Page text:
Dismiss Notice
Join Physics Forums Today!
The friendliest, high quality science and math community on the planet! Everyone who loves science is here!

What is the pdf of resistor values (tolerances)

  1. Dec 21, 2009 #1
    Hi guys,

    I was reading about monte carlo analysis in the introduction from a textbook, and they gave an example of a voltage divider. They assumed resistor values had an equal probability of having values between the two tolerances. I know this is a simplistic assumption and I was wondering what kind of distribution resistors really follow.

    I am guessing that it is most likely a gaussian distribution, but just wanted to know if that is specified somewhere. What does +-5% really mean? Is it that 90% of the resistors will be within those bounds? or does it have to do with standard deviation?
     
  2. jcsd
  3. Dec 21, 2009 #2

    Averagesupernova

    User Avatar
    Gold Member

    It is a guarantee that ALL resistors are within 5% of of spec'd value. For example, a 100 ohm resistor with a tolerance spec of +-5% could be anywhere between 95 and 105 ohms. It is NOT a guarantee that a circuit will work that calls for a 97 ohm resistor when replacing it with a 100 ohm +-5% resistor.
     
  4. Dec 21, 2009 #3
    I find it hard to believe that no matter how many resistors you bought that you would NEVER get a value outside of the tolerances?
     
  5. Dec 21, 2009 #4
    Two sigma is 95% and that's what I take it to mean. The pdf might not be bell-shaped because some resistors were removed and labelled 2%.
    There are rules for finding tolerances for uncorrelated errors. If I lay my hands on it I'll post it. It saves you from doing a monte carlo.
     
  6. Dec 21, 2009 #5

    dlgoff

    User Avatar
    Science Advisor
    Gold Member

    Yep. The good ones (1%) are weeded out first then the 2%, etc. So with the 5%, 100ohm resistors you will probably not find one that is exactly 100ohm.
     
  7. Dec 21, 2009 #6
    The only thing I don't like about this is that the higher precision resistors are supposed to be more stable, yet they come from the same batch. Their initial values may be close, but they won't hold over time.
     
  8. Dec 22, 2009 #7

    Averagesupernova

    User Avatar
    Gold Member

    So what do you think is acceptable? One resistor out of every 1000 is 5.1% off? One out of every 10,000 is 7% off? One out of every 1,000,000,000 is 40% off? Where do you draw the line?
     
  9. Dec 22, 2009 #8
    At the 2 sigma level with a bell-shaped curve you would get an outside value 1 time out of 20. 3 sigma, 1 time in 100.
     
  10. Dec 22, 2009 #9
    I'm don't care what the tolerance is. My question was about the distribution of values around those tolerances, this way you can predict what values you might get.
     
  11. Dec 23, 2009 #10

    berkeman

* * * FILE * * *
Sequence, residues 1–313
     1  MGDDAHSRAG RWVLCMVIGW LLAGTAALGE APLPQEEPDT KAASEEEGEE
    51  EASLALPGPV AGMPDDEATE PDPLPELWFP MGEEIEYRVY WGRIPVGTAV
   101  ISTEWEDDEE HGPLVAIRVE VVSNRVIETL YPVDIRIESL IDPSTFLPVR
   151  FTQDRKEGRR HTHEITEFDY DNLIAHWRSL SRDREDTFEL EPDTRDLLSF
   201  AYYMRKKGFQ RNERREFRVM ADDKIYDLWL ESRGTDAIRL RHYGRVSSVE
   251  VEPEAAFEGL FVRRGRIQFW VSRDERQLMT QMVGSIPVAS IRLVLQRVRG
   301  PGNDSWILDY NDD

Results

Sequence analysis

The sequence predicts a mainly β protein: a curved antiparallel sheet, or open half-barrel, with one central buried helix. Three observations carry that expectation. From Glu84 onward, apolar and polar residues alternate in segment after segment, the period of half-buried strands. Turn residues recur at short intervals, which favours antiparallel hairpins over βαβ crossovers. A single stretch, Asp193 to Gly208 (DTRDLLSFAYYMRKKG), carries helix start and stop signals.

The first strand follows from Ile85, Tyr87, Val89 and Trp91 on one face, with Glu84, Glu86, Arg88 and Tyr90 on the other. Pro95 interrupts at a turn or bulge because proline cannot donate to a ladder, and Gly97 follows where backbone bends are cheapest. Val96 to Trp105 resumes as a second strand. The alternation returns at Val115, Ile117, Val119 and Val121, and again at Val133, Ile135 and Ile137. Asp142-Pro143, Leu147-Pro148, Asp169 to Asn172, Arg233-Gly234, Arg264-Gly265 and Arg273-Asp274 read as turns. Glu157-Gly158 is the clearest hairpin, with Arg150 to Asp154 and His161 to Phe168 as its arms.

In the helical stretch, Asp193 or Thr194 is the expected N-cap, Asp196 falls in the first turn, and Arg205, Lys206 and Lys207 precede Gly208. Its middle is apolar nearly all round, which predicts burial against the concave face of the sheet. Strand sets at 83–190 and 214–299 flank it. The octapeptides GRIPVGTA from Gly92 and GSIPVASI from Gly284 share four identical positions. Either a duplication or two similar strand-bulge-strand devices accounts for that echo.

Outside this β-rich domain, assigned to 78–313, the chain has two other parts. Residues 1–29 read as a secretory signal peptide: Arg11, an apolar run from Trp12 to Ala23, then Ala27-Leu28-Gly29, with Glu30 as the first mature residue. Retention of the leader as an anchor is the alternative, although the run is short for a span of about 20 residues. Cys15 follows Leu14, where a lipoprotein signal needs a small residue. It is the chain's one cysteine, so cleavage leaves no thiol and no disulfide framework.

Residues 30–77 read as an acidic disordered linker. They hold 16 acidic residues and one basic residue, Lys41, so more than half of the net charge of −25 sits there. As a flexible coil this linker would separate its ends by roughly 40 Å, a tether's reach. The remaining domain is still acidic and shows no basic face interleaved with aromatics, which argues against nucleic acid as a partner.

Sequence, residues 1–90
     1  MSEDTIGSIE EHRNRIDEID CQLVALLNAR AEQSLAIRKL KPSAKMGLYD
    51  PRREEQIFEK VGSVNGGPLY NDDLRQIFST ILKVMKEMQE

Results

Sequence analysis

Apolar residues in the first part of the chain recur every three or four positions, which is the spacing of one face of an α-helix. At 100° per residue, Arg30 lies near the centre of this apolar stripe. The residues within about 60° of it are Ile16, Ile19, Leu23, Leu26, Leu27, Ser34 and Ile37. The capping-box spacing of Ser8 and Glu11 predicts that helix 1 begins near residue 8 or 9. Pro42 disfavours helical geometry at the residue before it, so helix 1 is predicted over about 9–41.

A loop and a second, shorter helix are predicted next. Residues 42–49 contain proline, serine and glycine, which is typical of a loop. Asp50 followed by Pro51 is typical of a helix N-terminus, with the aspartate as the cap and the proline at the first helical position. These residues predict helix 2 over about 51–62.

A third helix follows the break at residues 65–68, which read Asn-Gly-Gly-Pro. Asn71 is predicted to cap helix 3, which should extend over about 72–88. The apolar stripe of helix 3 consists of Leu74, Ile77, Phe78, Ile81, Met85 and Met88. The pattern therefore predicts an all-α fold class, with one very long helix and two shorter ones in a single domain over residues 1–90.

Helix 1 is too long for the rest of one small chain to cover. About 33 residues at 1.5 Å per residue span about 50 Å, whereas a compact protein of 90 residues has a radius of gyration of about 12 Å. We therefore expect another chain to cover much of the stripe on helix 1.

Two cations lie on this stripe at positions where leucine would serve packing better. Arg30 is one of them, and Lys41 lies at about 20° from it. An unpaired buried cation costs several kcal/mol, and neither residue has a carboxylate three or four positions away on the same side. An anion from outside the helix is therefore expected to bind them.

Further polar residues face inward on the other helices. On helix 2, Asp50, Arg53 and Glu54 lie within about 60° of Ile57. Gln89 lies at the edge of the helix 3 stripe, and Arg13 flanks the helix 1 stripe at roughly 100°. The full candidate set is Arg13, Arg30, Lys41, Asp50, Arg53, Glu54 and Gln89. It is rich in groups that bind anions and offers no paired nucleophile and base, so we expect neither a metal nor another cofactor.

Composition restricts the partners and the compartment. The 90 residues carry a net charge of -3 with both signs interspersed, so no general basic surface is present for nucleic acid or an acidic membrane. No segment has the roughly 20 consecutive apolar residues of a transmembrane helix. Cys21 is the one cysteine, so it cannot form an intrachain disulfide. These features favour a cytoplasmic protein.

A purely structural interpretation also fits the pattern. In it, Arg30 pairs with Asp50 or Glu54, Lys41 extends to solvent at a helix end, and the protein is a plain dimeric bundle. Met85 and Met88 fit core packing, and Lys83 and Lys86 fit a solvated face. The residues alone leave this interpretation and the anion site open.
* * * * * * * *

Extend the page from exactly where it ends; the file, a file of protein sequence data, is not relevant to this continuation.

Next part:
User Avatar

    Staff: Mentor

    That's what 100% testing gets you. Resistors are 100% tested before being packaged for shipment. That's true for most types of components.
     
  12. Dec 23, 2009 #11

    berkeman

    User Avatar

    Staff: Mentor

    I'm guessing it would be a truncated Gaussian (because of the 100% manufacturing test that I just mentioned). However, it could have some binomial character to it, if the resistor type lends itself to sorting at test. The only way to be sure would be to contact the manufacturer and see if they would/could tell you.

    BTW, even for Monte Carlo purposes, you don't generally need to include a distribution attribute for the variation of values. As long as all components are varied across their tolerance, and as long as you get in enough runs to cover all the combinations of tolerances, you should be able to bracket the operation of the circuit.
     
  13. Dec 23, 2009 #12
    Even in a corporatocracy like the US?
    100% testing is costly, and with sampling the manuf. can play the odds. Almost no one will sue over an out-of-tolerance resistor.
     
  14. Dec 23, 2009 #13
    Ah ok, thanks guys. I didn't realize that they actually tested all the components! This makes a lot more sense to me now.
     
  15. Dec 23, 2009 #14

    berkeman

    User Avatar

    Staff: Mentor

    Yep. If the datasheet lists the tolerance, it is tested in manufacturing. The tempco is not 100% tested, obviously, and would generally be given as a typical value. Generally if the datasheet lists a min or a max for a simple component (or tolerance), it will be tested. Sometimes the datasheet will explicitly say that some value is not 100% tested, but that is the exception.
     
  16. Jan 2, 2010 #15
    For a voltage divider you could use formulas for uncorrelated errors. If I can find my hard copy I'll post them.

    Another way is to approximate the normal distribution with 6, 10 or 20 points and then have your spreadsheet combine them according to the voltage divider formula.
    20 points gives you 400 combinations, but some repeat.
    You may not need the shape of the distribution but you can find the 5% endpoints.
    Multiplying and dividing normal distributions gives you non-normal distributions.
     
Know someone interested in this topic? Share this thread via Reddit, Google+, Twitter, or Facebook




Similar Discussions: What is the pdf of resistor values (tolerances)
  1. What is tolerance? (Replies: 1)

Loading...